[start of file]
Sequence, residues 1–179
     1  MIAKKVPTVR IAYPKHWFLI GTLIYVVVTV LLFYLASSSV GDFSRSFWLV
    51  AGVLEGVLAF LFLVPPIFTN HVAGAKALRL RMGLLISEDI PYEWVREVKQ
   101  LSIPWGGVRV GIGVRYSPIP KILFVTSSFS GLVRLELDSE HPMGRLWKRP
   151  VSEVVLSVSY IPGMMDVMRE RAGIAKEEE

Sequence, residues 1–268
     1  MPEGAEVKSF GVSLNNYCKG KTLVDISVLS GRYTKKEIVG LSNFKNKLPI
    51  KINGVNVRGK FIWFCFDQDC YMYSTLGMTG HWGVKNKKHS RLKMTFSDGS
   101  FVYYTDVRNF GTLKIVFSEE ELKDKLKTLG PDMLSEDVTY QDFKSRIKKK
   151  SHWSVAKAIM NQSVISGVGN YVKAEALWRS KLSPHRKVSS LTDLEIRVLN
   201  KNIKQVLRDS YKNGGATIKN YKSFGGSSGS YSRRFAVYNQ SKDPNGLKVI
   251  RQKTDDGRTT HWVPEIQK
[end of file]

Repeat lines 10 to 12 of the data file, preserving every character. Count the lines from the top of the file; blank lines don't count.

   151  SHWSVAKAIM NQSVISGVGN YVKAEALWRS KLSPHRKVSS LTDLEIRVLN
   201  KNIKQVLRDS YKNGGATIKN YKSFGGSSGS YSRRFAVYNQ SKDPNGLKVI
   251  RQKTDDGRTT HWVPEIQK